Socially responsible investing guidance is elusive for 401k plan sponsors. “The Department of Labor has problems with socially responsible investing, doesn’t it?” The client who asked me this question had requests from millennials, to put such a fund into the company’s 401(k) plan, and he was seeking advice about how to respond.
Socially responsible investing includes funds that take environmental, social and governance (ESG) factors into account when selecting the fund’s underlying investments. They are often referred to as ESG Funds. Callan’s Sixth Annual Survey shows an increasing usage of funds which incorporate socially responsible investing in other areas. What about 401(k) plans?
Many fiduciaries share my client’s confusion about what the Department of Labor has said on this subject, and whether the Department of Labor’s new guidance changed the rules. That may be why fewer than 10% of 401(k) plans currently offer such funds. I explained to my client that the Department of Labor doesn’t prohibit taking ESG factors into account, although it has set out some rules to follow if you decide to include such a fund in your investment menu.
There are options with track records. Several ESG Funds have been in existence for a period of at least three years with solid performance. More choices are becoming available as vendors respond to strong interest among millennials. Black Rock and Wells Fargo have announced that they are developing target date funds that take ESG factors into account.
Here’s what you need to know:
You can –
- Use socially responsible investing funds even if you haven’t got a specific evaluation process set out in writing (though I recommend adding a section to your investment policy statement).
- Make a socially responsible investing fund an optional or default investment if it performs as well as comparable non-ESG funds and doesn’t assume additional risk. A default fund should also be consistent with participant views.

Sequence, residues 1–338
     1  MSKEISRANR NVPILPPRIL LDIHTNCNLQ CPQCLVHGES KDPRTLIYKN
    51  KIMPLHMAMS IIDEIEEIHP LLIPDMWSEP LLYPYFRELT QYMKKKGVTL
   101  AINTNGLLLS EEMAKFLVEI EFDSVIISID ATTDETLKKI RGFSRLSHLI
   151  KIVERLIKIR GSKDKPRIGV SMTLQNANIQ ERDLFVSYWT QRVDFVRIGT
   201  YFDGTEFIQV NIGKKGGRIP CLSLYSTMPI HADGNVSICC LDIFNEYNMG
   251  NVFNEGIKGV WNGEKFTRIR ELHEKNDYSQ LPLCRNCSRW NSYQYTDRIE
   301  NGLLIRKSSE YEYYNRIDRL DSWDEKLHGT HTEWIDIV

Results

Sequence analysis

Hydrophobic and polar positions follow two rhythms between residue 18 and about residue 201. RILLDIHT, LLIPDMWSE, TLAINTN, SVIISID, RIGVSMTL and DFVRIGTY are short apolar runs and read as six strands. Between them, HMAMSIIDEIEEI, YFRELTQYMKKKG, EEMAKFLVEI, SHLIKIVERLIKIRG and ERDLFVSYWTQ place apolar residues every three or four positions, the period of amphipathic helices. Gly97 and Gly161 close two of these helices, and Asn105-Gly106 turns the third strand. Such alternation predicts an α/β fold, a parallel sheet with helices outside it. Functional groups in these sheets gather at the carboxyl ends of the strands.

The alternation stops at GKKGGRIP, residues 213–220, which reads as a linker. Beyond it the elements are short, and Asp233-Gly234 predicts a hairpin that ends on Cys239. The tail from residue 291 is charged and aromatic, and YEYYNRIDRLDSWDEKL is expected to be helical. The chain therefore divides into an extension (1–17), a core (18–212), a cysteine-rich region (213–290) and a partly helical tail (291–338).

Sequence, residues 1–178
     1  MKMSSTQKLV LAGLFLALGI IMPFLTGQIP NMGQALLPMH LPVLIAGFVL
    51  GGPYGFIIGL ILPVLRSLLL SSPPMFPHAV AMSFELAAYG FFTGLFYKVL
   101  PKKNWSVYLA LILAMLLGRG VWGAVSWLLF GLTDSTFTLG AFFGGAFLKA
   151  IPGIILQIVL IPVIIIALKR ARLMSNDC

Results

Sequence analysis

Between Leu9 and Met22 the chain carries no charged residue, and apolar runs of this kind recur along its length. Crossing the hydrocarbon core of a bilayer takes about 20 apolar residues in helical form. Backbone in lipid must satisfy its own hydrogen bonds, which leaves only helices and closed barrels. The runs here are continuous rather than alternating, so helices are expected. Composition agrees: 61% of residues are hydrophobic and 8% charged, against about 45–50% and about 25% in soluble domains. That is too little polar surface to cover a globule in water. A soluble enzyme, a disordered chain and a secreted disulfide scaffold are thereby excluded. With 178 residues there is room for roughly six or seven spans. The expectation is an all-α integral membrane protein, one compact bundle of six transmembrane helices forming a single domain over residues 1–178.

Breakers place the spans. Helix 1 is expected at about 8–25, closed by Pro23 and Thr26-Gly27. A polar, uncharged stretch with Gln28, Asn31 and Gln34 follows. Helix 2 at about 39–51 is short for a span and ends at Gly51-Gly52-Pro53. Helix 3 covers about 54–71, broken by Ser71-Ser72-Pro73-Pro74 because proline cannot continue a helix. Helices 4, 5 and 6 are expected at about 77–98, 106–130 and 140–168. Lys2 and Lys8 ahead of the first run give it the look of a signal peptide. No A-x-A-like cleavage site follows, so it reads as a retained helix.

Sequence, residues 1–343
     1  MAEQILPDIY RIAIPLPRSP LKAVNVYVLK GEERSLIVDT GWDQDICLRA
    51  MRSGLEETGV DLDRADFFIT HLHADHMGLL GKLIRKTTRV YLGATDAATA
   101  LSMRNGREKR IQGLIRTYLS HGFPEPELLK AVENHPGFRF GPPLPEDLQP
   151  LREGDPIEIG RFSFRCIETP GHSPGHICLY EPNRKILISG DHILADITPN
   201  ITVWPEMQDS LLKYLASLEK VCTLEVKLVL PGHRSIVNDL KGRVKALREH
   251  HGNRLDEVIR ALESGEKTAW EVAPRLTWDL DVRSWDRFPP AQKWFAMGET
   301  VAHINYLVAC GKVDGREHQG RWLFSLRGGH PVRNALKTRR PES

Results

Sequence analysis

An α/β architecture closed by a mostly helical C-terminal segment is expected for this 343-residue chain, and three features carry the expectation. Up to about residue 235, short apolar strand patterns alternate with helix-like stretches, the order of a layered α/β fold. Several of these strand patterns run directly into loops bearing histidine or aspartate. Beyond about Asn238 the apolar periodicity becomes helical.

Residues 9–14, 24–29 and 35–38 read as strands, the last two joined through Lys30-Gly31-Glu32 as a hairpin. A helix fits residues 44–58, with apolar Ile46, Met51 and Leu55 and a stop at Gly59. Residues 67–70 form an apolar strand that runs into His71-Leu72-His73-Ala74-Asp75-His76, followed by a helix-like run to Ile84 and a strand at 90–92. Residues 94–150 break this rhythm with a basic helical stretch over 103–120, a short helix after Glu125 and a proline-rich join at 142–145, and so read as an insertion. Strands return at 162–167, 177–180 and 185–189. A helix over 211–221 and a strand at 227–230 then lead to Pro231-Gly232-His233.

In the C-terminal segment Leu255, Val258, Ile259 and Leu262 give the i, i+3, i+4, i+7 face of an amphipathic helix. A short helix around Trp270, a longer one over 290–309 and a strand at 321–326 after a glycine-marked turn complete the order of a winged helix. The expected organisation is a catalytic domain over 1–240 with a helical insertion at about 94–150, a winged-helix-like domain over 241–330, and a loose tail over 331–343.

- Find socially responsible investing funds that take ESG factors into account even though they may not be referred to as ESG funds.
- Make ESG and non-ESG alternatives available in the same asset class.
You should not –
- Offer a socially responsible investing fund that is risky or lags the performance of comparable funds that are not ESG Funds. (However, this may not be a big issue in the real world, as a study by Oxford researchers showed that these funds don’t have a performance handicap and that they may even have a performance advantage.)
- Incur significant plan expenses fighting for shareholder proposals or engaging in proxy fights relating to ESG issues.
- Assume that all ESG or socially responsible investing funds are the same. Some will exclude entire industries, and others will focus on companies with good practices.
While these considerations may seem daunting to company fiduciaries, adding ESG funds to your 401(k) plan can attract millennials to work for you and incentivize them to contribute more to your plan. When Bloomberg added an ESG fund to its 401(k), millennials were the largest identifiable group investing in the fund. According to the same article, Bloomberg even amended its investment policy to provide that efforts would be made to identify at least one fund that considers ESG factors in every fund search, though most plans haven’t gone that far.
For those company fiduciaries and managers who do want to make an ESG or a socially responsible investing fund available, the Department of Labor’s guidance must be followed; however, the guidance does not stand in the way.
Carol Buckmann is a founding partner at Cohen & Buckmann PC, and has practiced at major law firms specializing in the areas of employee benefits and executive compensation for over 30 years. Carol frequently blogs, writes articles and is quoted in the media about current employee benefit issues.